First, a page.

Faculty / Staff Resources Student Resources
University of Southern California
University of Southern California
USC Chan Division of Occupational Science and Occupational Therapy
USC Chan Division of Occupational Science and Occupational Therapy
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Integrating Electromyography and Sonographic Imaging for Evidence-Based Physical Therapy for Chronic Pelvic Pain

ReHaB Core ⟩ MSOP Lab ⟩

Principal Investigator: Shawn C. Roll PhD, OTR/L, RMSKS, FAOTA, FAIUM

Co-Investigator: Jason Kutch

Jul 2012 – Jun 2013

Total funding

Our team used sonography to evaluate the physical mechanisms underlying Chronic Prostatitis/Chronic Pelvic Pain Syndrome (CP/CPPS). We developed and validated a scanning protocol to evaluate the muscles of the male pelvic floor using a transperineal approach. This protocol can be used to evaluate difference among individuals with and without CP/CPPS, as well as identify variations within patients with CP/CPPS. The approach may also be useful for targeting treatments to areas of hyper-contraction (e.g., trigger points) or as a biofeedback tool to train patients in both relaxation techniques and proper exercises for these muscles.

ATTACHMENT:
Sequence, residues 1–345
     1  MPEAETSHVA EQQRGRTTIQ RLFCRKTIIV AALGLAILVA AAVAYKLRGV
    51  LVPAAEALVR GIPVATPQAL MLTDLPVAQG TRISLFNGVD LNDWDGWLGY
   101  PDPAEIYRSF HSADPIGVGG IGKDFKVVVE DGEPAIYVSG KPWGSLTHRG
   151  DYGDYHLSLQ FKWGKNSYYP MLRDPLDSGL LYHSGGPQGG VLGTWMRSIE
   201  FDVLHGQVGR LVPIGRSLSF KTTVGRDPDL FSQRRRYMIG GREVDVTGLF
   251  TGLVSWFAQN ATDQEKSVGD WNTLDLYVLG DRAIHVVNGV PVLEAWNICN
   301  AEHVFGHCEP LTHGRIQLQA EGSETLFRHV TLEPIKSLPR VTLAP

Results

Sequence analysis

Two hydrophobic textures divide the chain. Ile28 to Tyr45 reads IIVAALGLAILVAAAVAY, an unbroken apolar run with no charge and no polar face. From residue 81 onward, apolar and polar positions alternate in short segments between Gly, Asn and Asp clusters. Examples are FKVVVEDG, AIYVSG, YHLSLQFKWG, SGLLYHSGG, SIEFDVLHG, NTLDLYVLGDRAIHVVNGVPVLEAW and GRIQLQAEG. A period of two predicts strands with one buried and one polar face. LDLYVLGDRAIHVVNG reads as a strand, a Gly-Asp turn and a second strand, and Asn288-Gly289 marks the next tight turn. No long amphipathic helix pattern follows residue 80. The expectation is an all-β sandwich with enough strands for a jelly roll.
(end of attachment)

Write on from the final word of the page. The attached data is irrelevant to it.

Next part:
Chronic Prostatitis/Chronic Pelvic Pain Syndrome (CP/CPPS) is present in 6-12% of men and is the most frequent urological diagnosis for men younger than 50 years old. CP/CPPS significantly reduces quality of life, even below that of other prevalent chronic conditions (e.g. congestive heart failure, diabetes). CP/CPPS patients are a highly heterogeneous group, with varied pathophysiology. One identified mechanism for CP/CPPS is involuntary localized neuromuscular activity. Physical therapy has emerged as one primary treatment modality for CP/CPPS, but up to 41% of patients report little to no improvement or a worsening of symptoms after a course of physical therapy treatment. There is currently no method for stratifying CP/CPPS patients to ensure that appropriate treatments are being provided. There is an urgent need to identify patients, before treatment begins, who are likely to respond positively to physical therapy. We aim to identify a set of neuromuscular biomarkers for CP/CPPS patients using sonographic imaging (i.e. 2D & 3D, spectral analysis, and elastography) and EMG recording, and to determine the ability of neuromusuclar biomarkers to enhance current clinical phenotyping.


Type Source Amount
Intramural USC Keck School of Medicine / Southern California Clinical Translational Science Institute (SC CTSI) $30,000